Talking comedy with writer, stand-up and actor Deon Cole

Deon Cole’s journey started on the South Side of Chicago and slowly made its way to Hollywood. Over the past decade, the 46-year-old has worked as a writer, comedian and actor, known for his roles on the hit shows “Black-ish,” “Grown-ish” and “Angie Tribeca,” along with his contributions as a writer for Conan O’Brien’s show.

Cole’s career has ascended far past his days of performing only stand-up, but he’s returned to his comedic roots for a tour with Martin Lawrence, Rickey Smiley, Bruce Bruce and Benji Brown that stops at Mandalay Bay Events Center on Saturday.

He recently talked about how he got his start in comedy, fame and what he thinks his future holds.

Review-Journal: What’s your favorite thing about being a comedian?

Cole: I just like being able to voice my opinion. That’s all comedy is. Comedy is just a different perspective. Perspective of what you think opposed to what other people think. I try to uphold it and make it educational as well as inspirational, as well as funny. All around, I think it’s very important.

What’s it like being on tour with Martin Lawrence? Is he someone you looked up to starting out?

Absolutely, Martin Lawrence is an icon. When they came to me about it, I was like, “Yeah, done deal.” I’d been running into him at different events, different functions. I would see him and be like, “Hey, if you need anything, let me know. I got you.” It just came full circle.

What can fans expect to see at the show?

I just want everyone to come and embrace different styles of comedy. Just come open-minded. Listen to what others are thinking and respect the opinion of the comic. We can agree to disagree, but as long as we have a good time doing it, that’s what it’s about. That’s what I want people to do. Come laugh. Embrace the icons. Come have a good time.

Have you always done comedy? When you were a child did you do stand-up for family?

Nope. I was never funny. There were funny people I was around, but I wasn’t a funny guy. I was dead serious about everything. I was a thinker because I was an only child. It was how I thought about things that was unique for other people. It wasn’t even unique to me. People were telling me I should do stand-up. I would just shake it off. One day my friend bet me some money to go on stage. I went up there and never looked back.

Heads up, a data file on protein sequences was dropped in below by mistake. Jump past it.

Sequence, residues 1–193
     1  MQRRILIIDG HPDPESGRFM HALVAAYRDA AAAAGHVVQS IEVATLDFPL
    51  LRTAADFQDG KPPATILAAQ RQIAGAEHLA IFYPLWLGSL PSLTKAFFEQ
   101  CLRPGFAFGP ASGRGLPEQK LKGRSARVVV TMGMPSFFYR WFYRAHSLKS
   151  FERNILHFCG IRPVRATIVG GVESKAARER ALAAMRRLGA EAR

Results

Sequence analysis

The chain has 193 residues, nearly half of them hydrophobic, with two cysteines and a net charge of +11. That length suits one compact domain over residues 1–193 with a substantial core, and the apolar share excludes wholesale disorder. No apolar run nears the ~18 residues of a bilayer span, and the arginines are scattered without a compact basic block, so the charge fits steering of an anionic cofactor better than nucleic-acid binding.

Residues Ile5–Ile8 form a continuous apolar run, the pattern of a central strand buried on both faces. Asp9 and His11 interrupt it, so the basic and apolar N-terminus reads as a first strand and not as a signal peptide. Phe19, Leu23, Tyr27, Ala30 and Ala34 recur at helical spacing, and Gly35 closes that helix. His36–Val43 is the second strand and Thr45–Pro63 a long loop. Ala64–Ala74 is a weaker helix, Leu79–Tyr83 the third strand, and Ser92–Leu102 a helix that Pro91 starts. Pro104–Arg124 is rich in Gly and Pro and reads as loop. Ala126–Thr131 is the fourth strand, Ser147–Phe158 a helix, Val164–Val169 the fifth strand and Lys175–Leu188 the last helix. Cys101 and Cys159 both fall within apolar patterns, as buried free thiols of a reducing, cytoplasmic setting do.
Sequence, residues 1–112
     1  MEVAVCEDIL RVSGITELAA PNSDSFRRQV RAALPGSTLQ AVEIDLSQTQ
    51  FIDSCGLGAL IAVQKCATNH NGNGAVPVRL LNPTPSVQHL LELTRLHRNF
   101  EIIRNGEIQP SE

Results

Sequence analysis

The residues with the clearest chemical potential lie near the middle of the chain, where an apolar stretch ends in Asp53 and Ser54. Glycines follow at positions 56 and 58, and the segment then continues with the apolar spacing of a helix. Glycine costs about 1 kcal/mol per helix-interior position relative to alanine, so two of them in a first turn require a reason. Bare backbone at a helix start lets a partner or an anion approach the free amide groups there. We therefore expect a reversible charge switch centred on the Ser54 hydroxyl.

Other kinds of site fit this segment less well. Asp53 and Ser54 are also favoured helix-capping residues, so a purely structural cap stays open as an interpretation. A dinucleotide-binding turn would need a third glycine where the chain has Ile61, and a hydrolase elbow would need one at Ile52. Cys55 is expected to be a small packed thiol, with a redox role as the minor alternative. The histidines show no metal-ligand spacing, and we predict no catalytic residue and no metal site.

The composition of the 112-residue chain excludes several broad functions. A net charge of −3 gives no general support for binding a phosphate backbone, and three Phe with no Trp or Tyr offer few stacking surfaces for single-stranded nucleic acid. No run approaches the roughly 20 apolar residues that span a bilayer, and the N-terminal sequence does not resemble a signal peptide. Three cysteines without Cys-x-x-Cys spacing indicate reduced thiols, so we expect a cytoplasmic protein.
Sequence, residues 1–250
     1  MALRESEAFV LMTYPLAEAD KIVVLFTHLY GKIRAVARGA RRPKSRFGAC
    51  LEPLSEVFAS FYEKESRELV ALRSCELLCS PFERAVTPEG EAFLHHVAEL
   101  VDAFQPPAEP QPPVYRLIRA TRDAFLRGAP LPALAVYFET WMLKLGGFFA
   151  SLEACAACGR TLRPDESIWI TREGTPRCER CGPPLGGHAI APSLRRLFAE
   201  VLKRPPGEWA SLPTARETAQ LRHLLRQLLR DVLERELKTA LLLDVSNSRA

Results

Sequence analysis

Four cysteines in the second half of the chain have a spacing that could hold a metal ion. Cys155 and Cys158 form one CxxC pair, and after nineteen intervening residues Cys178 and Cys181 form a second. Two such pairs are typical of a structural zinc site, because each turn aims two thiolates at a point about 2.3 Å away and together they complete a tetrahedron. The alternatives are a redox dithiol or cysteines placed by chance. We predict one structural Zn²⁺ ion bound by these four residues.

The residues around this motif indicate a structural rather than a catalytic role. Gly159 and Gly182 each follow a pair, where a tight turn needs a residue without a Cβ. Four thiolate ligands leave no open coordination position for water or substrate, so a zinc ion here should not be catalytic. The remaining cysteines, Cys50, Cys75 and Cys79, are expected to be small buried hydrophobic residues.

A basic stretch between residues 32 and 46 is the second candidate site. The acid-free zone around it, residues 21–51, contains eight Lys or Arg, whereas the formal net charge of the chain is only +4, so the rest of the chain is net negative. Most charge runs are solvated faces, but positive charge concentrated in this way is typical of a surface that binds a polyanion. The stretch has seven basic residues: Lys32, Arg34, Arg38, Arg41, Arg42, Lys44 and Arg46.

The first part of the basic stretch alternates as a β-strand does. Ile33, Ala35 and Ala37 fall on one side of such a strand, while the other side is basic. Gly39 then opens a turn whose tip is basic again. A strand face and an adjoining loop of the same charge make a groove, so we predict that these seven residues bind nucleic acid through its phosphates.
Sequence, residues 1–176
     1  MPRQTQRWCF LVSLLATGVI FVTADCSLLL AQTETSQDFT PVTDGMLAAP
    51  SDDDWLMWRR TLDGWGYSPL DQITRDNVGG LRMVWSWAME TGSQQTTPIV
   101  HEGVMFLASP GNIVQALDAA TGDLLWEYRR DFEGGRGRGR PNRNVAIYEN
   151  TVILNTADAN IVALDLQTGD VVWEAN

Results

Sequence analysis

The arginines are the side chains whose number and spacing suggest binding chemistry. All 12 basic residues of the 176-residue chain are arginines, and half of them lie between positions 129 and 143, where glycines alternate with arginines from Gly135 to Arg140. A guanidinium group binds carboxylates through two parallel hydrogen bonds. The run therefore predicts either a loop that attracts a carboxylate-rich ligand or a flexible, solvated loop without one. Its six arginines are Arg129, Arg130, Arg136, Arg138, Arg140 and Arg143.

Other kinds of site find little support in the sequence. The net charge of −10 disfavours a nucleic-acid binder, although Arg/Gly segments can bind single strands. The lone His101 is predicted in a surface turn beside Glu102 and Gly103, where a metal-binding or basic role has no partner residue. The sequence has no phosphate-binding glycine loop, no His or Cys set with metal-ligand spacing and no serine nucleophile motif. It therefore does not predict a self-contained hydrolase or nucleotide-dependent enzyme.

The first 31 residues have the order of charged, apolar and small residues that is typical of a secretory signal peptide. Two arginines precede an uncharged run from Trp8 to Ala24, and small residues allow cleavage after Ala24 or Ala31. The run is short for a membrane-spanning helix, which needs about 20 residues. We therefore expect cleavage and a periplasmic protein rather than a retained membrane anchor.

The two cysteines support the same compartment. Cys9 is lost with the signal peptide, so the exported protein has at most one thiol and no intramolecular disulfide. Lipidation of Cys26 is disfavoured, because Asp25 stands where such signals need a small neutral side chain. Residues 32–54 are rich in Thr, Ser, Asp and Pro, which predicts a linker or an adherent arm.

How did where you come from influence your career?

It makes me who I am. The famous business is crazy. But if you can handle the streets of Chicago, you probably can handle any place. It was nothing to hear the BS that Hollywood was coming at me with. It was just falling off my shoulders. I was able to handle things better. Plus, it incorporates the stories I tell and the way I think. You know, Chicago state of mind.

What was it like transitioning from the South Side to fame?

It’s been nerve-racking. Going through it was nerve-racking. You just never know. You know, to follow your dreams, you gotta leave your family and all of that in order to provide a better lifestyle for them. You have to give up your life. That’s basically what I did. I spent all my time trying to better everyone else’s life, so my mother don’t have to work … so my son can go to good schools and my son can have whatever he wants. It’s challenging, but I’d rather have that than him not have what I didn’t have.

What’s your advice to aspiring comedians or actors?

Be original, whoever wants to be in the entertainment business, be original. We need to see more originality. It’s like everybody is doing the same damn thing. Be you. Be original. You gotta be you.

Why do you think it’s important, especially now, for comedians to use their platforms to educate and lead future generations?

We have a voice just as powerful, if not more, than any rapper, singer, poet, whatever. We have that same type of voice. So, if we can bring change right now, we should. The audience is smarter now, way smarter than when I first started. I think you should use that platform to really come up and give some type of positive note at some given point in your set, something that’s going to uplift people, make them think. You owe it to your people. You have to be responsible for what you say and what you do.

Where do you see yourself 10 years from now? What are you working on?

I see myself trying to produce some TV shows and put other people on, put other talented people in positions where they can shine, perspectives can be heard. That’s what I really want to do. I want to also keep building my audience and having more people come out to my shows and more people support my business.

Contact Mia at msims@reviewjournal.com. Follow @miasims___ on Twitter.

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